TuneCore is a rather interesting new way for up and coming musicians, and well established ones, can become their own record label so that people can hear their music.  For $19.98 a year per album, plus one time fees of $0.99 per song on the album, and $0.99 for each music store that you want them to make it available on, your music is as easily accessible as any other band on iTunes.  Check out how well it worked for Ars Technica.

“Industrial goth rocker Trent Reznor isn’t usually mentioned in the same sentence with artists like Over the Rhine and Steven Delopoulos, but all three have something in common: in the last year, the bands ditched record labels altogether. Instead, they’re part of a bold new experiment that could let artists hang onto more rights, make more money, and go directly to fans. It’s possible through a startup called TuneCore that let all three bands get their music into digital stores like eMusic and iTunes… for just $30 a year. All royalties—and all rights—remain with the artists.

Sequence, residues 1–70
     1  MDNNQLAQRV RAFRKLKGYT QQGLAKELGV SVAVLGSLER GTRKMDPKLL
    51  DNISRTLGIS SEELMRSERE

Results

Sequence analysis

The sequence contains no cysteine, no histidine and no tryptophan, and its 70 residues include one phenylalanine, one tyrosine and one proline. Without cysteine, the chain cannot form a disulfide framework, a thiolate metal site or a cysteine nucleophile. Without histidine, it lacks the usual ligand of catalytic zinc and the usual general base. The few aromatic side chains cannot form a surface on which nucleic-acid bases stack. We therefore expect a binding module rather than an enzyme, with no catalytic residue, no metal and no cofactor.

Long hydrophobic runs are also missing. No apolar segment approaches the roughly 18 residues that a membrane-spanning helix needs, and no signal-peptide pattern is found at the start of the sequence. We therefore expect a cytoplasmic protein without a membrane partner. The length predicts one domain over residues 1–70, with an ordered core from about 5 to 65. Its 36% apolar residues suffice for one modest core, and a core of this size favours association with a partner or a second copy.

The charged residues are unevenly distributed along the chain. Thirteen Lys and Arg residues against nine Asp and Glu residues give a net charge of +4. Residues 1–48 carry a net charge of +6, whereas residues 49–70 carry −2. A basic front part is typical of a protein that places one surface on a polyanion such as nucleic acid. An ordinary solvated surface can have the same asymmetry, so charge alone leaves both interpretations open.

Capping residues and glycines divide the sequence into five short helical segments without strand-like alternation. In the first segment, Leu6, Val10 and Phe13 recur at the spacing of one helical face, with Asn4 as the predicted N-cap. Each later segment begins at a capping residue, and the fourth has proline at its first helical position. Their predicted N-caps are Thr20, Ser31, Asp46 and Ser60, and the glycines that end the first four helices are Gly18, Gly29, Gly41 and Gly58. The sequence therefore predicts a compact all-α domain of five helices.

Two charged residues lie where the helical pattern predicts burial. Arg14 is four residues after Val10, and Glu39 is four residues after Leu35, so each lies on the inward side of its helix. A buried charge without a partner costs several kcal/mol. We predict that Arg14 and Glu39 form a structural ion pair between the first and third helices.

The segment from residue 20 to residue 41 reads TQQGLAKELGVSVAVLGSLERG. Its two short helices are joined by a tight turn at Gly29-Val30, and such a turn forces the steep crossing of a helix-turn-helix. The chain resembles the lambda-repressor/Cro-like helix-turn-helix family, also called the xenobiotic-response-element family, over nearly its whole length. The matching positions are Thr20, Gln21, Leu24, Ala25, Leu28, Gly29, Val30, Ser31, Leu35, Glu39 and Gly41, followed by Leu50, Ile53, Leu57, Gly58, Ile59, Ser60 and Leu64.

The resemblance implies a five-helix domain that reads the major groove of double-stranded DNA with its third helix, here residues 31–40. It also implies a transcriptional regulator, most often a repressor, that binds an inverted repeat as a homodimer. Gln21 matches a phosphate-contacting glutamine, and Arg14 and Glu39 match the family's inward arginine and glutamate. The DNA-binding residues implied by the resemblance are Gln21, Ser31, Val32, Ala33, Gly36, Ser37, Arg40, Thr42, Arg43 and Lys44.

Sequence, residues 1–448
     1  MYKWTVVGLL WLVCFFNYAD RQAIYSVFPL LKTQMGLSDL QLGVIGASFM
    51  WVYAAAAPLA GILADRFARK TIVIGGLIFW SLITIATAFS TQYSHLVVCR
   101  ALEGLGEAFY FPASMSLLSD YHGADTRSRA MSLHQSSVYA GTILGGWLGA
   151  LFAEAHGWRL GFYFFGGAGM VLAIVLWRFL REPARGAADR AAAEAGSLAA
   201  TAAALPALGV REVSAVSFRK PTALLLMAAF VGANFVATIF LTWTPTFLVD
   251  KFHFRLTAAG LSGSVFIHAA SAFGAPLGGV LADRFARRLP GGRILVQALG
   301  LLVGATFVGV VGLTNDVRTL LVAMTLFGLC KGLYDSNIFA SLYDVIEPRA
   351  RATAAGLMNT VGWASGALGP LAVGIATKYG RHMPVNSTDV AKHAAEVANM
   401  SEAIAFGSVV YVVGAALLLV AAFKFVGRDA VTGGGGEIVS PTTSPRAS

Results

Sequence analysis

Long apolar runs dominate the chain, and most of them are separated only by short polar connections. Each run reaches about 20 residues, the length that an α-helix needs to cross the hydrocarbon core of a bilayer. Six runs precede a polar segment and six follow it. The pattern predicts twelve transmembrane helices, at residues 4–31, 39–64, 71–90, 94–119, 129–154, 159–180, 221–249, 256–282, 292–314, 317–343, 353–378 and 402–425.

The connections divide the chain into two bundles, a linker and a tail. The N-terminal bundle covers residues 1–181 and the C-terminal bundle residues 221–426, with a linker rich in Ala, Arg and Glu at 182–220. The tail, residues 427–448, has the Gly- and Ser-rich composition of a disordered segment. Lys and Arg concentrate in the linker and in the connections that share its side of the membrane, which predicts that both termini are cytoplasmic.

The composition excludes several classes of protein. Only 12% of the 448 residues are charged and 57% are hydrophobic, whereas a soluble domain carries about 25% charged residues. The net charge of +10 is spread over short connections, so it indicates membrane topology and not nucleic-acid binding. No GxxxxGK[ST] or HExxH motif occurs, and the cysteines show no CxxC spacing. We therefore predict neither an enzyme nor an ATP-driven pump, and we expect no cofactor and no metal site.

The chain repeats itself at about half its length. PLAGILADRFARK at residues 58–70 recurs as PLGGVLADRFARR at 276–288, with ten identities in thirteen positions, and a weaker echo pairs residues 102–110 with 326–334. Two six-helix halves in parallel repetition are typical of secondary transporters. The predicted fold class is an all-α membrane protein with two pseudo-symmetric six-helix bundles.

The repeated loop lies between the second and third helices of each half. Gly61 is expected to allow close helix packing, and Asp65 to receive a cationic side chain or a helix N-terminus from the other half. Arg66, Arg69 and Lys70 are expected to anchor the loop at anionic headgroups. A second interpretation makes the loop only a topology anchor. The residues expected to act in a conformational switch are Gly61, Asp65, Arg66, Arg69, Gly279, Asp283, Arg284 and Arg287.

Jeff Price, who heads TuneCore, says that “the music industry changed” when the service went live, but can a small Brooklyn outfit running on rented virtual servers really remake the music biz? Let’s take a look… and then upload an original Ars composition to see how well the system works.”

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Audio Corner